Privacy

When the Installer gets to the next page where it asks you to choose your privacy settings, we turned everything off. Some of these settings turned on may be beneficial to you, but they also load more services, potentially slowing your boot time.

  • Peter Martin
    nice.
    Reply
  • David_693
    Link and info for the Intel 660p SSD are for the 512GB model NOT 1TB, $99 was too good to be true!
    Reply
  • Peter Martin
    you know, I put an 850 evo in my kids asus laptop at it boots as fast or faster with fast-boot. we hit the button and it's almost instant. he loves that stupid laptop. when he got it, it had a 5400 rpm in it... lol, he hated it. i could not believe it once I installed the ssd and windows 10 fresh. I was stunned. i did a bunch of timings with my stopwatch, not that accurate but still, 3-5 seconds boot to usable is amazing.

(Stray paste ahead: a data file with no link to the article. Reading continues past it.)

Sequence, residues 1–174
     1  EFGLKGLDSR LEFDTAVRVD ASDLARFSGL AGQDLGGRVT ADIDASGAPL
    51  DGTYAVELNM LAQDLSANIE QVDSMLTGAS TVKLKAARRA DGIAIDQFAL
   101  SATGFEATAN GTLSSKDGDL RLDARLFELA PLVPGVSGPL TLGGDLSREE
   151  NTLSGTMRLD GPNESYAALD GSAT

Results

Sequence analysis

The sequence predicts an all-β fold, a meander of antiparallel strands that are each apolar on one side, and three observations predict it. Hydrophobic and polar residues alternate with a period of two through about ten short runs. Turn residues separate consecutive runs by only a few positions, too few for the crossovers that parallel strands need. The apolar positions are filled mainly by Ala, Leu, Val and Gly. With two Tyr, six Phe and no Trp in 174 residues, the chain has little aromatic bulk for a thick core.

Reply
  • Colif
    Software tab only talks about bios, mentioning you set up netplwiz in win 10 to auto login would have helped or PC wouldn't be getting to desktop in that speed :)
    Reply
  • MrSpaccacerque
    How you calculated the starting up time?
    Reply
  • stdragon
    Does booting from a Win10 VM stored on a RAM Disk qualify? :)
    Reply
  • davidgirgis
    Here's How I rebooted Windows 10 in 4.5 Minutes:
    (Now, Beat Me)

    2012 13" Macbook Pro 9,2
    Windows 10 Pro via Boot Camp
    Restart from Desktop to Desktop in 2:29
    Not usable until the 5400 rpm hard drive goes down from 100% utilization at 4:27
    Reply
  • davidgirgis
    21349926 said:
    Does booting from a Win10 VM stored on a RAM Disk qualify? :)

    Yes. You qualify because you used a combination of Hardware and Software. Albeit, non-traditionally.
    Reply
  • maestro0428
    Great article. Somethings I can try to speed up my boot times, although I typically leave my PC on 24/7.
    Reply
  • Co BIY
    In the first table of boot times is the third place drive the 970 EVO or 970 PRO ?
    Reply